Born the youngest of six brothers and sisters, Kader was only 6 years old when she saw her mother die. It happened one day as the two of them were walking home through the desert. Her mother had taken Kader to the doctor's office but forgotten to bring her wallet. On the trip back to retrieve it, she collapsed from what Kader believes was a combination of heat stroke and diabetes.
"It's interesting, 'cause I see myself in her," says Kader. "I look identical to her now. I saw pictures of her on this trip, and that's why this trip has been so good – because it's been such a closed case with my family. [They've always been] like, 'OK, it's enough that she saw her dead; we're not talking about her.' Nobody would tell me anything, and it's really important to know one's past."
As older family members filled in the missing pieces of her mother's life, Kader gained more insight. "She was overly generous and had a bleeding heart, and I'm such a sap," she says, recalling how she witnessed her mother endure burdens in life so hurtful that Kader prefers to keep the details private out of respect for her family. "She was just really strong and she put up with a lotta shit."
When Broke & Boujee earned a substantial plug in Urb magazine's annual Next 100 issue in 2008, some within the local scene considered it overkill -- especially since Kader had merely served as the innovator of the genre-bending, scenester club aesthetic started by Sloppy Seconds.
"Fadia used to come to Sloppy Seconds and she would watch from the sidelines," recalls Ian Ford, who collaborated with Ree de la Vega and Caleb Gauge to create Sloppy in its halcyon days before the original F'n Socialites split. In the aftermath, de la Vega and Ford lent their cache to Kader to help her kick off B&B, which spawned an ironic mix of Atlanta's black Hollywood and underground hip-hop cliques. "It was good timing. And it was at a point where me and Ree were so much on some 'fuck you' shit to Caleb that all our people that we used to encourage to go to Sloppy, we started saying, 'No, go to Broke & Boujee.' That's our shit now."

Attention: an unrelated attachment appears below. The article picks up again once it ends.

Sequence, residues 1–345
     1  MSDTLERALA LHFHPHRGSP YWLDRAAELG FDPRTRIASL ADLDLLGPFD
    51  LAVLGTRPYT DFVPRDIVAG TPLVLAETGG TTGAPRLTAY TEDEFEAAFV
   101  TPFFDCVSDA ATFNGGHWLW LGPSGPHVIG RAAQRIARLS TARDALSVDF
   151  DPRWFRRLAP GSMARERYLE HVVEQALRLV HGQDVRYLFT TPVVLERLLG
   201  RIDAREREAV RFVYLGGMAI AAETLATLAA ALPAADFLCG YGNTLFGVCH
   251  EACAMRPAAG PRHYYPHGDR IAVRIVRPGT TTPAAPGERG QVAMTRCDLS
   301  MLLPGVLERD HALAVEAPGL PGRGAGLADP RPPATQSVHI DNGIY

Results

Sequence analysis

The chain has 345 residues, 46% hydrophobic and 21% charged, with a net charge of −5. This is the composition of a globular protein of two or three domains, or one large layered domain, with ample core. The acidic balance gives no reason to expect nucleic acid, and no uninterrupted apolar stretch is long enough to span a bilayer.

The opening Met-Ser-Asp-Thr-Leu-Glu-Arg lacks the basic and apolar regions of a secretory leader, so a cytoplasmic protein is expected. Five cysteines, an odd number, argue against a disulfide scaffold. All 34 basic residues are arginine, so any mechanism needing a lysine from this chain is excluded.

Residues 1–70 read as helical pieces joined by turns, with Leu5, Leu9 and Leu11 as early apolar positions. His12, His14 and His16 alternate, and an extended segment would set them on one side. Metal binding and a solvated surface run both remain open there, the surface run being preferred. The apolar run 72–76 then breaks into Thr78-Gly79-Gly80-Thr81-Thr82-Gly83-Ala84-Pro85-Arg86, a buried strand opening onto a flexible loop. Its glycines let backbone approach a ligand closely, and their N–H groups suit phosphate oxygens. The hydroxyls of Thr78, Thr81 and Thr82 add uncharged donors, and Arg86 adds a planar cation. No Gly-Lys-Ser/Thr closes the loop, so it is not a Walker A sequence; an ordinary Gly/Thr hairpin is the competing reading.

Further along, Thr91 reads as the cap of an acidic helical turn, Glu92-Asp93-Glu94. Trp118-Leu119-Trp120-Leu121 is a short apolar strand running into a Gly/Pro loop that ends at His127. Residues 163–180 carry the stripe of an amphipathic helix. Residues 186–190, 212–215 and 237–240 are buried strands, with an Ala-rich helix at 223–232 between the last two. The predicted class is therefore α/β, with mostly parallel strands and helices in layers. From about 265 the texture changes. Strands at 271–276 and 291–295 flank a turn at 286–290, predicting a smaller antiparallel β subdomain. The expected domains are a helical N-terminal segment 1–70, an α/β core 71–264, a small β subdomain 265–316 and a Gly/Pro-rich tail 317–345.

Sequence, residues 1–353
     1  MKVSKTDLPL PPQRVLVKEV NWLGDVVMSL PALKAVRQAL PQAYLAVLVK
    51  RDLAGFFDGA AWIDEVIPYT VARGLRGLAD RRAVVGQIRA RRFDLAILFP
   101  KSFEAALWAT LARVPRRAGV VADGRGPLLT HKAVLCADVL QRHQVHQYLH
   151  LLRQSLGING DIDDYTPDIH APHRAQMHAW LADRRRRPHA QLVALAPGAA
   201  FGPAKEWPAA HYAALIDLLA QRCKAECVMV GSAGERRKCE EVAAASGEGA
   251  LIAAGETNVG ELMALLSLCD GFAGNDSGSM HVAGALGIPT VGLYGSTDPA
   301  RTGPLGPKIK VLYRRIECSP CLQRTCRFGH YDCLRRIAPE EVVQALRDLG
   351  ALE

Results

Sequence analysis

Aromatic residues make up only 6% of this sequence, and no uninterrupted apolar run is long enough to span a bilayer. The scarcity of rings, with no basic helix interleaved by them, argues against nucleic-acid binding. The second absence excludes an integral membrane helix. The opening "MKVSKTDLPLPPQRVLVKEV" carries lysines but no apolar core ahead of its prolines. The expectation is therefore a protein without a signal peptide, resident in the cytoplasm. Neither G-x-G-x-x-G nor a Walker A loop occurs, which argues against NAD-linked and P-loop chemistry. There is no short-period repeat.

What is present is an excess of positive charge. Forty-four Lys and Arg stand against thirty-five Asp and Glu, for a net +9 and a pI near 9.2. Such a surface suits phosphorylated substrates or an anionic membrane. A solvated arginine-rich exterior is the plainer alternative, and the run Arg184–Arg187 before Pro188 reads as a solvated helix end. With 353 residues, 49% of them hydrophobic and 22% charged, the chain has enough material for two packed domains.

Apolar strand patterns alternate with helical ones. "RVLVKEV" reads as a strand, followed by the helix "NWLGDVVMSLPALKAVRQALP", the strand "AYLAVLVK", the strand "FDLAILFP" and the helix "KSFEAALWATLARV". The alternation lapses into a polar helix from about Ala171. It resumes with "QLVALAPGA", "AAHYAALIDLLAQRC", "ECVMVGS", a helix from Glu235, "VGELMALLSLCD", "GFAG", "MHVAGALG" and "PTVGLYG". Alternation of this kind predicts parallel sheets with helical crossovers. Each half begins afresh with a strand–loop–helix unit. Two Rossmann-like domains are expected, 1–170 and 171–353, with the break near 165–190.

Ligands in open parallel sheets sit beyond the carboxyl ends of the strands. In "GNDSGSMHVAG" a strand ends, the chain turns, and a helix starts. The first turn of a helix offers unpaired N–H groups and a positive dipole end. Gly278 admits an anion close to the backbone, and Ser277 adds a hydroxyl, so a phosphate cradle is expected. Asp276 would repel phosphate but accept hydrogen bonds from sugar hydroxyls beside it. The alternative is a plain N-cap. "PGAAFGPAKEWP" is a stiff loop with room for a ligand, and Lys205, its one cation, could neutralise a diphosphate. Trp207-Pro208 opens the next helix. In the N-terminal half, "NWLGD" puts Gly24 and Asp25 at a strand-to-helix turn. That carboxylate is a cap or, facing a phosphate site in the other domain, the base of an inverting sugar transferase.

By then, Kader was already managing Proton after being introduced to them by de la Vega at a party at Gauge's house. The monthly B&B parties seemed like the perfect outlet to promote Proton. And B&B became the breeding ground for Atlanta's cultured hip-hop movement.
Then Hollyweerd happened.
When "Have You Ever Made Love to a Weirdo" hit locally in December 2007, it caught everyone by surprise – including the four members of Hollyweerd, most of whom had been pursuing separate careers before members Tuki and Dreamer met at B&B and the underground super-group launched. With Young Jeezy's former manager, Coach K, at the helm, the song soon generated spins on commercial radio stations Hot 107.9 and V-103.
Still in its infancy, the scene seemingly had an overnight success story in the works – plus a bit of an unspoken beef brewing.
"Honestly, my first thoughts were, they hadn't paid any dues," says Larry Baker of Proton, recalling how he felt about the members of Hollyweerd presuming that they should "be put in the same light." Whereas Proton had been evolving for nearly a decade, Hollyweerd was just beginning to define itself. But everyone recognized their potential.
"They were growing in front of our eyes, but it's like they were growing while looking at what other people were doing and taking elements of everything," says Kader, whose refusal to let Hollyweerd and other eager acts perform at Broke & Boujee led to what she felt was a bastardization of the blueprint she'd honed. Similarly themed showcases with the same lineups began to spring up almost weekly in the absence of B&B. It was a platform she'd popularized, but she couldn't patent it. "So I just had to completely disconnect for a while. It's like that tough love. Gotta let them do their own thing first."